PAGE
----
There was a brief period when the Detroit Lions were actually pretty good. From 1993 to 1995 they were over .500 for three consecutive seasons and in 1993 they actually managed to win the division and host a playoff game. They were anchored by the legendary Barry Sanders and a very good receiving corps featuring Herman Moore and Brett Perriman. They likely would have been even better had they gone with Erik Kramer over Rodney Peete for most of the year, but by the time the playoffs rolled around, they had even gotten that right.
The Lions also ranked 12th overall defensively by DVOA, led by the 7th ranked pass defense. Robert Porcher and Pat Swilling provided the pass rush and Ray Crockett led a pretty good secondary. They even had Chris Spielman at linebacker. It was a good team with a lot of promise, and they won the division on the last day of the season with a decisive 30-20 victory over the Packers in the Silverdome, forcing Brett Favre into four interceptions.
That set up a rematch the following week in the Wild Card game back in Pontiac. Barry Sanders missed the Week 18 matchup (Note: in 1993 there were two bye weeks), but he was ready and raring to go in the playoffs, rushing for 169 yards on 27 carries. Unfortunately for Detroit, the Packers were secret juggernauts. 1993 Brett Favre wasn’t “Brett Favre” yet — okay, so in a way he was the Brett Favre-iest Brett Favre as he threw 24 picks against just 19 touchdowns, but he was still a year away from the MVP-level that we associate with the young gunslinger. Despite Favre’s issues, the Packers still ranked 9th overall in DVOA thanks to an excellent defense, and amazingly still ranked 14th in passing DVOA. When Favre wasn’t throwing picks, he was fantastic, and the Packers were 7-2 in games where he threw one pick or fewer.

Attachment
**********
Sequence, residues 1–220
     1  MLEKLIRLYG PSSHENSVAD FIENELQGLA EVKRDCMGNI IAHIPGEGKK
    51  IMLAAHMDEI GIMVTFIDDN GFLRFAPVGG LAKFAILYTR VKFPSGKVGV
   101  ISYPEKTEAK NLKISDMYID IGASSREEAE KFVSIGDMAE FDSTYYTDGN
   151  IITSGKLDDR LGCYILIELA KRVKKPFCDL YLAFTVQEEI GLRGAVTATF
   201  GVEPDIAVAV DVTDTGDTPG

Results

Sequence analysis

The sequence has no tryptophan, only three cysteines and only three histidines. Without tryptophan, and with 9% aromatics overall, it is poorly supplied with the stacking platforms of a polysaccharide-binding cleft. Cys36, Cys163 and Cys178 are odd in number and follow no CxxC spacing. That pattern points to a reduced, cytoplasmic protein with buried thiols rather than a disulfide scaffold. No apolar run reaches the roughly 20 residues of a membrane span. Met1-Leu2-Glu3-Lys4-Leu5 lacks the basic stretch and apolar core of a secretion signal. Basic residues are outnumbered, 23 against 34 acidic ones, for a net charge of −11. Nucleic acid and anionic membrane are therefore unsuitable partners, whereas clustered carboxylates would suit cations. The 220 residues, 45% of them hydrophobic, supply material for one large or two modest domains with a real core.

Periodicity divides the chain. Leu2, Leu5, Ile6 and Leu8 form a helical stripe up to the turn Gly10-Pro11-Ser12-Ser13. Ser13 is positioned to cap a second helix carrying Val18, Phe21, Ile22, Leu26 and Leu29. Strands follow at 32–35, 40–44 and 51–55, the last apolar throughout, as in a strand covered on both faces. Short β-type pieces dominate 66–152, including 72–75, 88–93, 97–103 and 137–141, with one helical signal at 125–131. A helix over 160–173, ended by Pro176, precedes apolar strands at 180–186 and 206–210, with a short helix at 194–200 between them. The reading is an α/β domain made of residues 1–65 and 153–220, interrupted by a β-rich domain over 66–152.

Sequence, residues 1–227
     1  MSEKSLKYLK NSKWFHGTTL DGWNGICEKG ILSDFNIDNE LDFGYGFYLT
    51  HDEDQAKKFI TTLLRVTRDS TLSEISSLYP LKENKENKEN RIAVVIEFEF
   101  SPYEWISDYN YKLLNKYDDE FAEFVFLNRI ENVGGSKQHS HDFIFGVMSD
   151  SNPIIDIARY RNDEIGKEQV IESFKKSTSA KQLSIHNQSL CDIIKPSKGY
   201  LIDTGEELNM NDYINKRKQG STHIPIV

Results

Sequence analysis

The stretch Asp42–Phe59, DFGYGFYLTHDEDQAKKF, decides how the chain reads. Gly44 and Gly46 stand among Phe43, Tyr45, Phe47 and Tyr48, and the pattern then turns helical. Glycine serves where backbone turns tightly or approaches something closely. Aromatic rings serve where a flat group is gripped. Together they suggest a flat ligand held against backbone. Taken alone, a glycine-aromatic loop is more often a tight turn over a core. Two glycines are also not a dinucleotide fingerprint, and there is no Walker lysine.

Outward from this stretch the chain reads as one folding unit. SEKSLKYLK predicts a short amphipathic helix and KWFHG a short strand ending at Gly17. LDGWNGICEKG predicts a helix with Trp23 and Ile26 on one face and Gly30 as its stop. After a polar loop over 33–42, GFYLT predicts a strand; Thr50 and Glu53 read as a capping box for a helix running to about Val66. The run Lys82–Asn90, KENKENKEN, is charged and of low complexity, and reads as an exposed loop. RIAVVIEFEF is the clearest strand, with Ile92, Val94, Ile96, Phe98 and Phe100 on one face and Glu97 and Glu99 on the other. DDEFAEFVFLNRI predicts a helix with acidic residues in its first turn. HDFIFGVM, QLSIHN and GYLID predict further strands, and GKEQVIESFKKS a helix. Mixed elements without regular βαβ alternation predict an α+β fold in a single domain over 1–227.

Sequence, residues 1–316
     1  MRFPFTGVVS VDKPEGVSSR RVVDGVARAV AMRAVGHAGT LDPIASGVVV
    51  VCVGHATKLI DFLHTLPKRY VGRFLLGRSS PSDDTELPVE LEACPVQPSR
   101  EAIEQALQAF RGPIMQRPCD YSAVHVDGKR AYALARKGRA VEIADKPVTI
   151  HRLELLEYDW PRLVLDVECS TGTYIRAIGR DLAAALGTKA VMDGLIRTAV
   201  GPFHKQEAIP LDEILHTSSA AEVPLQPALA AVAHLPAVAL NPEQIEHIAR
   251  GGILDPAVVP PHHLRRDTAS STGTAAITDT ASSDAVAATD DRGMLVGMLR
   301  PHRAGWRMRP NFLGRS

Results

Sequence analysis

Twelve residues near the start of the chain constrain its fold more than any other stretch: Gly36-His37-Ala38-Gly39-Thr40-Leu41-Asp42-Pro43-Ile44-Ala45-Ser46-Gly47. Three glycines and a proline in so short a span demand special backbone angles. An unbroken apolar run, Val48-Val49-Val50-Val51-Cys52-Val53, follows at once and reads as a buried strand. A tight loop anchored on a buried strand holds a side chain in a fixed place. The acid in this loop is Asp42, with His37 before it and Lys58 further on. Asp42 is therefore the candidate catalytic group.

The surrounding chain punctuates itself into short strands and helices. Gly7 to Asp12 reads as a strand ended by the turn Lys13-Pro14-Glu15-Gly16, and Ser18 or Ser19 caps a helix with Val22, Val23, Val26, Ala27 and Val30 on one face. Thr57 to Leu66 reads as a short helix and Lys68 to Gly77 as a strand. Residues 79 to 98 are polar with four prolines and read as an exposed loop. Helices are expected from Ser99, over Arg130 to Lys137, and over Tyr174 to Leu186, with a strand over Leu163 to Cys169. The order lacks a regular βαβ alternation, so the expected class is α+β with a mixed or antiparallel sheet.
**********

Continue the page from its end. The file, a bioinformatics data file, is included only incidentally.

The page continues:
The Lions were a complete team, but Erik Kramer was a problem, even if he was better than Peete and Andre Ware. He threw two interceptions in the wild card game, but the Lions still led by a field goal with three minutes to go. The bigger problem was, surprisingly, Barry Sanders. Sanders is one of the greatest of all time and certainly the greatest “boom or bust” back of all time, but in 1993, he busted more than he boomed, and ranked only 20th in DVOA. (He would rank 2nd the following season.)
Sanders boomed in this game as he was at his best in the 3rd quarter, and had several huge runs to help put Detroit into the lead. Unfortunately for Detroit, when trying to run out the clock in the fourth, he busted, stoned twice at the line of scrimmage before Terrell Buckely broke up a 3rd down pass to Brett Perriman. After a nice punt return by Robert Brooks and a few quick passes to Edgar Bennett, Ed West, and Sterling Sharpe, the Packers found themselves at the Detroit 40 with 1:04 to play, at which point Brett unleashed the pass that convinced me that Green Bay had something special.
The pass itself was released from the Lions 42, about 3 yards outside of the NFL hash marks (between the NFL and high school hashes), meaning Favre was about 33 yards from the opposite sideline.
Sharpe catches the ball between 6-8 yards deep in the end zone (he does have to reach behind him a bit, so let’s call it 7 yards):
meaning that the ball traveled about 31 yards laterally and about 49 yards vertically. We can use our old friend the Pythagorean Theorem to discover just how far the ball flew. That’s about 58 yards.
We’ve seen Aaron Rodgers (and Brett Favre) throw the ball further, but the reason that Sharpe is so open is based on the facts that Favre was fading to his left and it’s so very rare to see an arm-side bomb thrown like this. The defensive back assigned to Sharpe (poor Kevin Scott) certainly didn’t expect Favre to be able to throw this ball, and he stopped following his man once Favre came under pressure. Honestly, I don’t really understand how he made the ball go that way. Favre winds up like he’s going to fire a bullet to his left, and the ball just takes off in a completely unexpected way.
This throw pushed the Packers into the next round against the eventual Super Bowl champions, the Dallas Cowboys, where Green Bay gave them all that they could handle, picking Aikman twice and keeping Emmitt Smith in check.
Finally, here’s what Sterling Sharpe looks like after he breaks a franchise.